MN Supreme Court reverses rape conviction because woman wasn't forced to get drunk

Minnesota Supreme Court Justice Paul Thissen speaks to a large crowd.
Minnesota Supreme Court Justice Paul Thissen speaks during his swearing-in on July 24, 2018. Thissen wrote in a ruling reversing a rape conviction that the Legislature is “institutionally better positioned than courts” to make public policy, and pointed to efforts to overhaul the criminal sexual conduct statute.
Lacey Young | MPR News 2018

The Minnesota Supreme Court has ordered a new trial for a man convicted of raping a woman who was drunk. The justices ruled that the state's definition of "mentally incapacitated" does not include voluntarily inebriated victims.

Hennepin County prosecutors say that in May of 2017,  Francois Khalil encountered a woman outside a Dinkytown bar who’d just consumed five shots of vodka and a prescription narcotic. Khalil invited her and a friend to a party.

Court documents say Khalil and two other men drove them to a house in Minneapolis, where there was no party. The woman, identified only by her initials, testified that she blacked out on the couch and later woke up to find Khalil raping her.

In 2019, a jury in Hennepin County convicted Khalil of third-degree criminal sexual conduct involving a victim who was impaired.

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But Wednesday, the Minnesota Supreme Court overturned his conviction, ruling that the state’s legal definition of “mentally incapacitated” only applies if a victim was given drugs or alcohol against their will — not if they consumed the substances voluntarily.

Khalil’s attorney Will Walker said the justices agreed with his contention that the trial judge gave incorrect instructions to the jury.

“They adopted our arguments. They adopted the opinion of the 30-page dissent from the Court of Appeals, and my arguments from the trial court and came out with the correct ruling. And we’re very, very pleased about that,” Walker said.

Khalil, now 24, is serving a five-year sentence at the Faribault state prison, but Walker said his client may soon be released.

Writing for a unanimous court, Justice Paul Thissen said because the meaning of the statute is clear “we apply that meaning and not what we may wish the law was or what we think the law should be.”

Thissen noted that the Minnesota Legislature is “institutionally better positioned than courts” to make public policy, and pointed to efforts to overhaul the criminal sexual conduct statute.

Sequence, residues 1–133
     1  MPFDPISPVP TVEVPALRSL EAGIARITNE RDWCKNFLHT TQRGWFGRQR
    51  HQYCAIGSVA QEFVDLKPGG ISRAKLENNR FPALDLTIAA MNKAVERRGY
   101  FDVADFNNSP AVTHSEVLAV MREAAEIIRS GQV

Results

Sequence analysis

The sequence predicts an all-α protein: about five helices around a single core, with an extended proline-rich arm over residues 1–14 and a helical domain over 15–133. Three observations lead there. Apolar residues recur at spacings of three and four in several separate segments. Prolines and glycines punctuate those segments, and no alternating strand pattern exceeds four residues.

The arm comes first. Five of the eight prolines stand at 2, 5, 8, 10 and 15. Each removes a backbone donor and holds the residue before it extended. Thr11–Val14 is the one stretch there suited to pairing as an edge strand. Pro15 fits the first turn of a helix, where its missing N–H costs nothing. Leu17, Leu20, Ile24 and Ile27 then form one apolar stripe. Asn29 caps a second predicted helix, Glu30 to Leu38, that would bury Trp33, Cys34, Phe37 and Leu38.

Survivors of sexual assault are urging Minnesota lawmakers to close what they say is a big loophole in state law.

Lindsay Brice, law and policy director at the Minnesota Coalition Against Sexual Assault, said the ruling was no surprise because the statute’s language doesn’t leave much room for interpretation.

“It makes it very clear that this issue needs to be fixed at the Legislature,” Brice said.

DFL Rep. Kelly Moller of Shoreview is sponsoring legislation that would change the law to say that anyone who’s intoxicated is incapable of consenting to sex even if they consumed alcohol or drugs voluntarily. Moller, who’s also an assistant Hennepin County attorney, said this would give prosecutors additional tools.

“This is something that will make a difference for those who do come forward and have these sets of circumstances, that their cases will at least be chargeable.”

Abby Honold, a sexual assault survivor and advocate, says this intoxication loophole has been a problem for years. She says it’s a roadblock for survivors seeking to press charges who have an otherwise solid case.

“There are a lot of people who are told when they report now, and when their case is referred to a prosecutor that essentially their sexual assault was technically legal. It’s always so heartbreaking to have to hear that from yet another survivor who came forward and reported,” Honold said.

Among other things, Moller’s bill would also create a new crime of sexual extortion, where a perpetrator makes threats that do not involve physical harm. The measure also raises the age in certain offenses against juveniles from under 13 to under 14.

While the bill has bipartisan support in both chambers, its companion measure in the Senate has yet to go before a committee.